Texas wildfires: Your stories
Firefighters in drought-stricken Texas are struggling to contain a 16-mile-wide (26-km) wildfire that has destroyed almost 500 homes.
Officials said the fire had "grown considerably" on Monday and was now burning on 25,000 acres (10,000 ha).
BBC News website readers in the area have been sharing their experiences.
Anna Love, Tahitian, Texas
My mother and I had to leave our house in Tahitian today and we understand that it has been completely destroyed.
I'm in complete shock.
This is the sort of thing that you expect to see in California, but not here. I just don't believe it's happening.
Bastrop is a close-knit community and people are rallying around each other.
Church groups are leading with the distribution of supplies and my mother is staying in a temporary shelter in one of the churches.
It's difficult to get information but lots of people have been using social media to share information about which areas and houses have been destroyed.
It seems that Tahitian has been particularly hard-hit.
I am in San Antonio. I plan to go to work tomorrow as I will need to take time off when we're allowed to go back to our house.
In the meantime, we are just waiting. I've heard that the fire services are going to let the fire burn down to the Colorado river, which means we may not be able to get back in until Friday.
Jim Minto, Houston, Texas
We were evacuated from Bastrop on Monday afternoon when a mandatory order came in, at about 1700.
We have a ranch in Bastrop and we watched the fire as it grew.
At that stage the fire was about 3-4 miles away from us, but we drove up to a high spot on the Antioch Road where we could see the flames stretch to the north and south.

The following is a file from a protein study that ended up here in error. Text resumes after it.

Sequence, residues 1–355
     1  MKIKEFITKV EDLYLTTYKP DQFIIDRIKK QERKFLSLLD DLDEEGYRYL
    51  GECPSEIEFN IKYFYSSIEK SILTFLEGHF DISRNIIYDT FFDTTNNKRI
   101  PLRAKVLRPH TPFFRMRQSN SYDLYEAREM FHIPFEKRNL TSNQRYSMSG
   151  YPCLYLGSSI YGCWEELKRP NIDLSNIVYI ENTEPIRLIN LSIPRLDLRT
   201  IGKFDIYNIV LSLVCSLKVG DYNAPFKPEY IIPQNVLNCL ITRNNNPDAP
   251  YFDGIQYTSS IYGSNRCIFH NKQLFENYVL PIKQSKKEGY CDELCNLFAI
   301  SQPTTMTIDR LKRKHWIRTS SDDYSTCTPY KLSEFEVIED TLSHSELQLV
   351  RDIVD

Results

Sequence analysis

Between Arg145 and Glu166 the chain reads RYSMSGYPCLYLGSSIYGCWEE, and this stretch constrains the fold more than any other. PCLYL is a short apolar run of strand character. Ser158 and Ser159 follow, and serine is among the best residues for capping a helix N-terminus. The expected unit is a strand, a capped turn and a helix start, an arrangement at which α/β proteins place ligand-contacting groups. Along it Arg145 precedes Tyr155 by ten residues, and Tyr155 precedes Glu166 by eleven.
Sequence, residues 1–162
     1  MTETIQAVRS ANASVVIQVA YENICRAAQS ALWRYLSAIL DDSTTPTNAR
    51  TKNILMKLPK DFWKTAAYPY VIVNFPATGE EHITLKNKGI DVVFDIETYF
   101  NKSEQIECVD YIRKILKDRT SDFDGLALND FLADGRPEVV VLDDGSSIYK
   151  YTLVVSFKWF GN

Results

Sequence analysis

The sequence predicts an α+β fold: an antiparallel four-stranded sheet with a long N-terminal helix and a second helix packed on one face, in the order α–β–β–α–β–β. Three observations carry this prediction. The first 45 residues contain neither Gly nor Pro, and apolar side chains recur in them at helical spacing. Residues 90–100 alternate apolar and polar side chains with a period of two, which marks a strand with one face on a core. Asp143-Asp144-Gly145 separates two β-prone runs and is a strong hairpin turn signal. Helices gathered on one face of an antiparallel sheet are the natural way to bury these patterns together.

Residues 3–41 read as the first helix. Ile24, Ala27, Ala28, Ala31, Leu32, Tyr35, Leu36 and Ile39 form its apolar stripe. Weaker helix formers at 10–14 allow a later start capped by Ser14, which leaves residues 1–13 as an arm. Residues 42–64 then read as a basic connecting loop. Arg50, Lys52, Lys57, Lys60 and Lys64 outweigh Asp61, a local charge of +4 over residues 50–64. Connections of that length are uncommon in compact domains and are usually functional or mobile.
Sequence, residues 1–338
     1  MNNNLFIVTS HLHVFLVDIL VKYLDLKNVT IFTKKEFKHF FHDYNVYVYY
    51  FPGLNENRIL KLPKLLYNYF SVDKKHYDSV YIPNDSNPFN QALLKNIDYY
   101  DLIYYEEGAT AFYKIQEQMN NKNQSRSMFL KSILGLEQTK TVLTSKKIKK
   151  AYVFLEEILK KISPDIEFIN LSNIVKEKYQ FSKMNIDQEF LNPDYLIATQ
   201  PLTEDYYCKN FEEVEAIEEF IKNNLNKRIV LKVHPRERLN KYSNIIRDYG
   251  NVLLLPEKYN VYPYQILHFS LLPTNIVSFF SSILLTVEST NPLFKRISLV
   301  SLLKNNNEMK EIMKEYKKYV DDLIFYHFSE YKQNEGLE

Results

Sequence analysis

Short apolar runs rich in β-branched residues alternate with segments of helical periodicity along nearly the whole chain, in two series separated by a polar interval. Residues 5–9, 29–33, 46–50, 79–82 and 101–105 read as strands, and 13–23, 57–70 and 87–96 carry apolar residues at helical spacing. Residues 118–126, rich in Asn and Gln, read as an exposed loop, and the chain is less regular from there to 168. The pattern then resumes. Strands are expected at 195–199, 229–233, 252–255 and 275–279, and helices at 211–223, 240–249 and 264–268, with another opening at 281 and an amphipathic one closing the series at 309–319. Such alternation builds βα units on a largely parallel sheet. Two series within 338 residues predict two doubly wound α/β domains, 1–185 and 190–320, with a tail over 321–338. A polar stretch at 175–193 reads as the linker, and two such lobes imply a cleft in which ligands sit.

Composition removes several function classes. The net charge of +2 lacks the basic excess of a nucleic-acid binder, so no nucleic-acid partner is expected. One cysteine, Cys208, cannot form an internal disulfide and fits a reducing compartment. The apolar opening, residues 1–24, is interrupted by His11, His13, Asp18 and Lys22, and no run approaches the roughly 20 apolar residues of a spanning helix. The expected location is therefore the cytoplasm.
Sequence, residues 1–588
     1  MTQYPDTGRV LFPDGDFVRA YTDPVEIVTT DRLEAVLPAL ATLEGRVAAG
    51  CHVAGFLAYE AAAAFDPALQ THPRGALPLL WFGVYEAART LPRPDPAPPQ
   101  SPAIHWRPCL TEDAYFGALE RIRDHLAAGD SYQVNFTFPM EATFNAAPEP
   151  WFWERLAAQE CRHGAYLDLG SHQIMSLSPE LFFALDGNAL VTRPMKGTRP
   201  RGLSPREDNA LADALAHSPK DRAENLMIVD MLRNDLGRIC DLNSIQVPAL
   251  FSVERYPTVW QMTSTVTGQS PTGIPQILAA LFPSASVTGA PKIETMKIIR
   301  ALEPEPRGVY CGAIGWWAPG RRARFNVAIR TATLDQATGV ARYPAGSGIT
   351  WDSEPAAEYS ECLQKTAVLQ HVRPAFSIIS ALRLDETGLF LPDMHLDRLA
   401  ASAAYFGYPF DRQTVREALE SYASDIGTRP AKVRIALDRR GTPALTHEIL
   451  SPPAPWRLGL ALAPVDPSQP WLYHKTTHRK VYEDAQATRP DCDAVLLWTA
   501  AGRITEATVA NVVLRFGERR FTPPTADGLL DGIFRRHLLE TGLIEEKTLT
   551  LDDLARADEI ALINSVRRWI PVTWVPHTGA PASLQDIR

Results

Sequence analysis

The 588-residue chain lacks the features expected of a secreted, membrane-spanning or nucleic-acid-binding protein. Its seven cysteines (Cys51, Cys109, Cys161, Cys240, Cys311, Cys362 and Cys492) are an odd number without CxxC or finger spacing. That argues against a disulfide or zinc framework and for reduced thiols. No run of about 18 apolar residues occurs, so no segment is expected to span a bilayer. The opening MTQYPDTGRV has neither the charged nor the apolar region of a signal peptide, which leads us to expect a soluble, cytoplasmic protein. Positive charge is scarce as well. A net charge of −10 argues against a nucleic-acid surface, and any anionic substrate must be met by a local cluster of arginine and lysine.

It went as far as you could see. It was pretty terrifying.
We were not that close but we certainly could smell it - the burning wood gave off a strong odour.
The surprising thing about the fire was the number of explosions - every 10 or 15 minutes there would be a tremendous explosion followed by a huge plume of black smoke.
These may have been caused by propane tanks, which is the most common source of stored fuel in such a rural area.
We had enough time to secure the things we wanted and get out of there.
The frustrating thing is that there's no information available - we don't know the extent of the fire so we don't know whether the ranch has been affected since we left.
My main feeling now is worry. We just don't know what we're going to find when we finally get back to our ranch.
Teresa Jackson, Lubbock, Texas
We were travelling north to Dallas when the fire broke out.
Traffic was stopped, then we were rerouted to another highway because the smoke was so bad. According to the news, that fire burned 1,600 acres.
It was scary to see a fire like that even from a distance.
It makes me sad to see all of the homes that have burned and livestock that have perished.
There is a huge fire burning northwest of Houston, in the town of Magnolia, that burned many homes.
They have cancelled school today due to the wildfire.
Hashaam Markas, Austin, Texas
I drove from Bastrop to Austin to pick up a friend whose village had been evacuated because of the wildfire.
Even from 15-20 miles off the smoke was engulfing the entire sky - it was a sort of orange hue so you could tell that the fire was still burning. You couldn't see any blue at all.
My friend had to leave the house and was only able to take his dog and a small duffle bag.
The emergency services had managed to get them out well before there was any damage, but the fire had spread quickly and we heard that the winds had reached speeds of up to 45mph.
By the time we left, police were saying that my friend's entire village had been destroyed and that some of the surrounding villages had been affected too.
The fire spread across Highway 71 and drivers were being diverted onto farm roads and small town roads. It was just a mess.